Frequently asked questions (FAQ)
Independent Sexual Violence Advisor Service
Q. How often will I see you?
A. During initial stages your ISVA may see you more frequently, in order to assess your needs and develop a support plan. This is important as many survivors come to ISVAs feeling they have lost control due to the trauma they have experienced. Both the risk assessment and care plan, are reviewed on a regular basis and will help you progress towards and independent life again.
Q. How long will you support me for?
A. It depends on your individual needs and what happens with your case. We will support you throughout the investigation process, however long that may take. We will also support you at court and for a short time after, to help you achieve the goals that you set in your support plan.
Q. How will you make contact with me?
A. If you have provided an email address and said we can contact you that way, we will initially send you an email with some information about the service. It is important that you let us know how you would prefer to be contacted and to keep us updated with any changes of mobile phone numbers or addresses. When we call you, our number will show as withheld. If you are happy with us leaving a voicemail message for you or sending a text, please let us know when you fill in the paperwork that we will send to you.
Q. When can you see me?
A. We work office hours, so we are available between 9am and 5pm, Monday to Friday. We can also offer early evening sessions on Tuesdays.
Q. Where can you see me?
A. We have offices in the city centre in Sheffield close to public transport links. We can also arrange appointments in other professional settings which may be closer to you, for example: your Doctors surgery and Children Centres.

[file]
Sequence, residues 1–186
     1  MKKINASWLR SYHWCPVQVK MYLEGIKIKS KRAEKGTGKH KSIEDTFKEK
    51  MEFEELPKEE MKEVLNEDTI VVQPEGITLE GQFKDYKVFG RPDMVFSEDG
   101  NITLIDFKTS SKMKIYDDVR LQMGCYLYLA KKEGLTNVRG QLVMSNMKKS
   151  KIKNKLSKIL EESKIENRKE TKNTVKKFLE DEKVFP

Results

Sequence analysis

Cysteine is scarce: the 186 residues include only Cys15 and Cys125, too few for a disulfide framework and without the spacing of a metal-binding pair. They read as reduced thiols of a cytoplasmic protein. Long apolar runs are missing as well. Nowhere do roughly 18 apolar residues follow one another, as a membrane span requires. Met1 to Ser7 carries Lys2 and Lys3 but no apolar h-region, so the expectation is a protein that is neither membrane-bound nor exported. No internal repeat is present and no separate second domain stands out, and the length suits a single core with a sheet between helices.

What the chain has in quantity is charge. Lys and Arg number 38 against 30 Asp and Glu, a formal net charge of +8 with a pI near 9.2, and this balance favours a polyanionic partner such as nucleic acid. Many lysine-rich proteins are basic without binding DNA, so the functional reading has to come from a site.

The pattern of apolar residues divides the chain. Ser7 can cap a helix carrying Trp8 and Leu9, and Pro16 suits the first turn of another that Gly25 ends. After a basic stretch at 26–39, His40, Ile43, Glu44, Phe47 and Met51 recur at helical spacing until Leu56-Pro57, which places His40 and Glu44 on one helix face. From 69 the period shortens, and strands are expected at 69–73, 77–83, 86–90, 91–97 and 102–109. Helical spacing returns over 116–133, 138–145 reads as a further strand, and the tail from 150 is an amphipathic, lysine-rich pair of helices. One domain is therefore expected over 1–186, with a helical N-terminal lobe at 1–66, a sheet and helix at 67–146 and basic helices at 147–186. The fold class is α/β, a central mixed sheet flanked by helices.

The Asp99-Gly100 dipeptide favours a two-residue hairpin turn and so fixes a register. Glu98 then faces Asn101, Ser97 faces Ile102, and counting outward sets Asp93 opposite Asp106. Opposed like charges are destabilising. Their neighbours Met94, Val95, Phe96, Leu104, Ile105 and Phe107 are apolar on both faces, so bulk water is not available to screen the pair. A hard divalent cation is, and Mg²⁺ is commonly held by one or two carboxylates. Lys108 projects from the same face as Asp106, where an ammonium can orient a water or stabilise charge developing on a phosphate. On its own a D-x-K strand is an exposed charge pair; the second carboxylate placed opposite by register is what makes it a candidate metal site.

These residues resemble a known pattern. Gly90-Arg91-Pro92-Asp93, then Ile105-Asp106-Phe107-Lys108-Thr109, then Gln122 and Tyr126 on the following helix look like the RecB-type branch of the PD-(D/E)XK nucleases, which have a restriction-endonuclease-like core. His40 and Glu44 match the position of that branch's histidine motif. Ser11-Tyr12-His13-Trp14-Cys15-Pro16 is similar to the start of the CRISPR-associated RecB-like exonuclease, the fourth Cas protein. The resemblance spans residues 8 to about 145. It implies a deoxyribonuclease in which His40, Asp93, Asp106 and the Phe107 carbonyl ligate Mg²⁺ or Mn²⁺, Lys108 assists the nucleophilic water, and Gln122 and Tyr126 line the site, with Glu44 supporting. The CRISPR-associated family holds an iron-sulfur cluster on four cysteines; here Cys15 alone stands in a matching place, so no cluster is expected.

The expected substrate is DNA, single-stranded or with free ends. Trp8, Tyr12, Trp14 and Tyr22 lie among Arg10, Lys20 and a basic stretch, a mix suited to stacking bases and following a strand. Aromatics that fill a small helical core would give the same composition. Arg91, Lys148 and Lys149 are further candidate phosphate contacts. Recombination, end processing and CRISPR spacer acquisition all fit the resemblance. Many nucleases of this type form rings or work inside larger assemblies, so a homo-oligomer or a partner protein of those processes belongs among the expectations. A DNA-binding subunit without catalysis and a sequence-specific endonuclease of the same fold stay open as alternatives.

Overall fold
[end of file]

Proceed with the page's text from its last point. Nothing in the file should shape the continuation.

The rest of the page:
Q. Does the ISVA work for the police?
A. No, the ISVA works independently of the police and courts. We are able to offer advice and information about the investigation process and make contact with the Police on your behalf, if you want us to.
Q. Does the ISVA provide legal services?
A. No, the ISVA works within the Criminal Justice System providing support and explaining the various processes that you will may experience. They are not trained to offer legal advice.
Q. Will I have to go court?
A. After the Police investigation the Crown Prosecution Service (CPS) will make a decision based on the evidence, about whether or not the perpetrator can be charged. If the decision to charge is made by the CPS, you may need to attend court in order to give your evidence.
Q. Will I have to face my perpetrator?
A. No. If your case goes to court, special measures can be applied for so that you won’t see your perpetrator.
Q. Will you still support me if there’s no investigation?
A. SRASAC’s ISVA service supports anyone going through the criminal justice system (CJS). We can provide information that will help you to understand what choices you have about reporting your incident to the Police. We can also help you get other specialist support, for example, Counselling at SRASAC, sexual health, substance and alcohol misuse or benefits and housing advice from other agencies.
Q. How long does the investigation last? Will you support me all the way through?
A. Some investigations can last as long as two years, or even longer. We can support you throughout this time, with as little or as much contact between you and your ISVA as you decide. Some clients prefer the occasional text or phone call whenever there has been a development in their case. Others prefer a regular planned face to face meeting every couple of months. This will be agreed between you and your ISVA at your initial assessment and planning meeting.